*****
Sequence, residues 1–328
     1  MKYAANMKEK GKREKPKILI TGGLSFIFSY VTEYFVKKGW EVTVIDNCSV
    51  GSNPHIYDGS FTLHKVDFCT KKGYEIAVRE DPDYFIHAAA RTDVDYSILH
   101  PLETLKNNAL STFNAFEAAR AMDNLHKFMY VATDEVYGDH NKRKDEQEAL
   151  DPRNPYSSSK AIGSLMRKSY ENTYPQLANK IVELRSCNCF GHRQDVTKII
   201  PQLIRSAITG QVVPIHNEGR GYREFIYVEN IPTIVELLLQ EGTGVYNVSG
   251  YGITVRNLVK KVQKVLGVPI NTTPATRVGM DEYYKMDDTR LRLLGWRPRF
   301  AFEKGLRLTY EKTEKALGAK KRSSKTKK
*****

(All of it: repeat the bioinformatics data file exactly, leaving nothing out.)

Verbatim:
Sequence, residues 1–328
     1  MKYAANMKEK GKREKPKILI TGGLSFIFSY VTEYFVKKGW EVTVIDNCSV
    51  GSNPHIYDGS FTLHKVDFCT KKGYEIAVRE DPDYFIHAAA RTDVDYSILH
   101  PLETLKNNAL STFNAFEAAR AMDNLHKFMY VATDEVYGDH NKRKDEQEAL
   151  DPRNPYSSSK AIGSLMRKSY ENTYPQLANK IVELRSCNCF GHRQDVTKII
   201  PQLIRSAITG QVVPIHNEGR GYREFIYVEN IPTIVELLLQ EGTGVYNVSG
   251  YGITVRNLVK KVQKVLGVPI NTTPATRVGM DEYYKMDDTR LRLLGWRPRF
   301  AFEKGLRLTY EKTEKALGAK KRSSKTKK